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Avatar universal

New also..

Hi. I found out I have HCV about 6 months ago. I believe I've had it for about 25 years.  I started on treatment and was on it for 1 week then I freaked out because I couldn't get ahold of anyone at my doctors office. The vmail recording said I had to wait 24 to 48 hours for a call back from them. I needed to do labs in one or two days and had no idea where to go get them at ( I know now I can go just about anywhere).  So I got a second recommendation for a new doctor and went to him. He told me to stop treatment for now since I was only on it for 1 week.  He took 6 vials of blood and will check for genotype subtype, viral load and whatever else.  I have not seen a copy of the results yet.  I am level 1 on scarring and inflamation per my biopsy results.I have genotype 1 (don't know subtype) and I think my my viral load is 1,000,000. I am not looking forward to treatment (not that ANYone is).  My question is should I go ahead and start treatment now or, since my liver biopsy is at level 1/1, wait for the new drug.  I could wait until my liver level get to a 2/2 and if I haven't found any trials by then, start treatment with the current drugs that are out there. Does this sound reasonable or am I off my rocker? Does anyone know how long it will be before the new drug hits the market? I really appreciate this site and any comments. Thank you so much! Theresa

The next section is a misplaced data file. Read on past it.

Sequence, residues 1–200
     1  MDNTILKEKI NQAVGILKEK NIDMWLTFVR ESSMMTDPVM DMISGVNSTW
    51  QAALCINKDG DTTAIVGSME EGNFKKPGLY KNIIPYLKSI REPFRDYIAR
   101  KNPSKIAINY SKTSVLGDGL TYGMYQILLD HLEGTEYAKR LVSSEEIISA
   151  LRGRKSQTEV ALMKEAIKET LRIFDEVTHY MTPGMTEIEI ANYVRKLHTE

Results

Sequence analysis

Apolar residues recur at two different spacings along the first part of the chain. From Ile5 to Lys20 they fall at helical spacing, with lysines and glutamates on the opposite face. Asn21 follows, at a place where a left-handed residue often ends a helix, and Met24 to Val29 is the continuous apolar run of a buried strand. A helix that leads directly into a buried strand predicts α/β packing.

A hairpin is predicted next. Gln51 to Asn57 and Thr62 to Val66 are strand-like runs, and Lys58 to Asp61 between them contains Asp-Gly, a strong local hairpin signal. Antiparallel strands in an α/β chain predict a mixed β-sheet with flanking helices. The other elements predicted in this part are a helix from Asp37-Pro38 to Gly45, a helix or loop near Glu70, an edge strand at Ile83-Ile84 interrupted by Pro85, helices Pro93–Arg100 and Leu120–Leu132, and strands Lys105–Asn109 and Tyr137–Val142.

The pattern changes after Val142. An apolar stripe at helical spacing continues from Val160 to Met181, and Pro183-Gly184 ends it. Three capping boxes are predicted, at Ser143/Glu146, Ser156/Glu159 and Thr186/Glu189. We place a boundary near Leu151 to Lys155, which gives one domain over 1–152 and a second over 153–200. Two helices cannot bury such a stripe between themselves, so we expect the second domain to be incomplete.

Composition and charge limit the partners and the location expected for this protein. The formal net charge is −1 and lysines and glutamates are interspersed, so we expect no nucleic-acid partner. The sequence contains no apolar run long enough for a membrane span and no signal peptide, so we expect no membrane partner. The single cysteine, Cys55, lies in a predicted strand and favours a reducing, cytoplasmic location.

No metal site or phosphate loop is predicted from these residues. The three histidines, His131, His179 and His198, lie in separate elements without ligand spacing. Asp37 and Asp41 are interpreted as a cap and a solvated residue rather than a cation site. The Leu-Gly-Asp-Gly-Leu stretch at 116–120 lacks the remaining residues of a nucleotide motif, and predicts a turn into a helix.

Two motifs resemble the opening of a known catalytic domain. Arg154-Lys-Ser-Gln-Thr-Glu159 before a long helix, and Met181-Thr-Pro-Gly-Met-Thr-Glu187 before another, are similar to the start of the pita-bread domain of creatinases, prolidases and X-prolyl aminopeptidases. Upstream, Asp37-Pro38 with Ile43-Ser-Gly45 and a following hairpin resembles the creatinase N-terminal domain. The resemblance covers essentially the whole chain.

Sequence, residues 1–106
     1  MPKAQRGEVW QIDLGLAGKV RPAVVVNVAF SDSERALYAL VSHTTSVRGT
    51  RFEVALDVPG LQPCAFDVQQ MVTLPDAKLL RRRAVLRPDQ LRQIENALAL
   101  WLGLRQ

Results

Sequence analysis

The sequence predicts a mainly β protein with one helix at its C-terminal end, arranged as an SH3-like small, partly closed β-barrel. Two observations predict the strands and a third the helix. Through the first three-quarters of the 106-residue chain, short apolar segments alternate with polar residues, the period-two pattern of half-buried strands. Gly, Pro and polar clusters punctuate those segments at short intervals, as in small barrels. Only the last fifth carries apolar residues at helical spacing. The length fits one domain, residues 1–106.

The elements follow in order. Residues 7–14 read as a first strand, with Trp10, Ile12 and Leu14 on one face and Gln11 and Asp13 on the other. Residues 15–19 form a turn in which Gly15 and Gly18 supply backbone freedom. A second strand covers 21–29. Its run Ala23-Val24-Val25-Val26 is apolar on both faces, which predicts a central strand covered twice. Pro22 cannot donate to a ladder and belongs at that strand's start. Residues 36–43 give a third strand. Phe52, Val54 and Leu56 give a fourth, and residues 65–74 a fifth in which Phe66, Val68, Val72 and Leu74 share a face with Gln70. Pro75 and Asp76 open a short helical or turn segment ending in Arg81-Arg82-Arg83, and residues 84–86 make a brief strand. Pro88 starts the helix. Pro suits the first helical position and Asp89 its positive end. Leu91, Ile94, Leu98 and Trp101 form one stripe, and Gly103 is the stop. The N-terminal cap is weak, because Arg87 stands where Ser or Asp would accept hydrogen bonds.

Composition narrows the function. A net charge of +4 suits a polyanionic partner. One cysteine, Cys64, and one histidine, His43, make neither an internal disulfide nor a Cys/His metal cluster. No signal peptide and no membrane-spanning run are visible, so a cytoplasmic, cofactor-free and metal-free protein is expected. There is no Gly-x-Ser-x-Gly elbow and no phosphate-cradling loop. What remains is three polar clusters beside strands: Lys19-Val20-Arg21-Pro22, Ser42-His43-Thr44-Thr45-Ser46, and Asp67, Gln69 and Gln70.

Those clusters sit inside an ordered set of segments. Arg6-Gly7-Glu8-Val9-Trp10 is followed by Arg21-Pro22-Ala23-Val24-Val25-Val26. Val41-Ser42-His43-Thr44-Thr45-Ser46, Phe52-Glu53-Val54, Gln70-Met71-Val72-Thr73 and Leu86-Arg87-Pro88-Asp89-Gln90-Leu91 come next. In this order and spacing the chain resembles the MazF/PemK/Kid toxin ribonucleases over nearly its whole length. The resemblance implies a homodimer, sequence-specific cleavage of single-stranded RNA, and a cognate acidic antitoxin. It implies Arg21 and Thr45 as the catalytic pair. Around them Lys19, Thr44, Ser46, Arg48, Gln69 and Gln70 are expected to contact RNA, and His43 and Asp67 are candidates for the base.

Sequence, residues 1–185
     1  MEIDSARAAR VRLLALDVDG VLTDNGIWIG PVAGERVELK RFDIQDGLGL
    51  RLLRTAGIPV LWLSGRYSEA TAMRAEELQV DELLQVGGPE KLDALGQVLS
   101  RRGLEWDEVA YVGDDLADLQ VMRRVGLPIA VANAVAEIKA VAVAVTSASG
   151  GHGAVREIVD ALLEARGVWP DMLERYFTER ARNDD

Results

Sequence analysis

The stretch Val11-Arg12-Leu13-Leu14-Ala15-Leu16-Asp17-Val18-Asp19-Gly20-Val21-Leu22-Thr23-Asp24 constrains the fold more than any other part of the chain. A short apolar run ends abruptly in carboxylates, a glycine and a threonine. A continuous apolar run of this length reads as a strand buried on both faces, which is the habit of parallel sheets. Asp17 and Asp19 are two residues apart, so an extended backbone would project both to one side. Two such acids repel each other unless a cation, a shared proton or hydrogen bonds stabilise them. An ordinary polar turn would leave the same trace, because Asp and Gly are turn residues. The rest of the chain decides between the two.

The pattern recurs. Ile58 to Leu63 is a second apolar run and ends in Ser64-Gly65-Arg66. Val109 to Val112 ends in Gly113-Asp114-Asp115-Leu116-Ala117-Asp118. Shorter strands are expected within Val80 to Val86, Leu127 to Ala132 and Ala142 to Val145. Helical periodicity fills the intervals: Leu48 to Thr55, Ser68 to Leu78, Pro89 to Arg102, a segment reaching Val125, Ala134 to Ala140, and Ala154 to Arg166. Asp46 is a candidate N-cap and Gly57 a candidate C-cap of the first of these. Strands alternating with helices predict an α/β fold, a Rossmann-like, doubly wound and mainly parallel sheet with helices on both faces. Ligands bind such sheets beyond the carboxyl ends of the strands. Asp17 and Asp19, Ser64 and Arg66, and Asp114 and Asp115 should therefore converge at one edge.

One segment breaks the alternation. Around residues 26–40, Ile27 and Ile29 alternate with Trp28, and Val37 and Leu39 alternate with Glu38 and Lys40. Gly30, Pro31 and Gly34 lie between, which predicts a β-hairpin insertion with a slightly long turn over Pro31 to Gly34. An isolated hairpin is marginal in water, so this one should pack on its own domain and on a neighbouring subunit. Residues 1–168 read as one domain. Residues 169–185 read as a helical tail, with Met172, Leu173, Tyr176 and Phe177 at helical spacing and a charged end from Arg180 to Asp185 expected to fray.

13 Responses
Avatar universal
Leery:  I could wait until my liver level get to a 2/2 and if I haven't found any trials by then, start treatment with the current drugs that are out there. Does this sound reasonable or am I off my rocker?
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No, sounds like you're solidly on your rocker, not off it, at least to me.

You will find different opinions both here and in the medical community whether genotype 1's with little or no liver damage should treat or adopt a "watch n' wait" strategy.

If it were me, I'd watch n' wait because the current treatment drugs are not without their own risks, and in general Hep C is a very slow moving disease that can be monitored via periodic biopsies, Fibroscans and blood marker tests.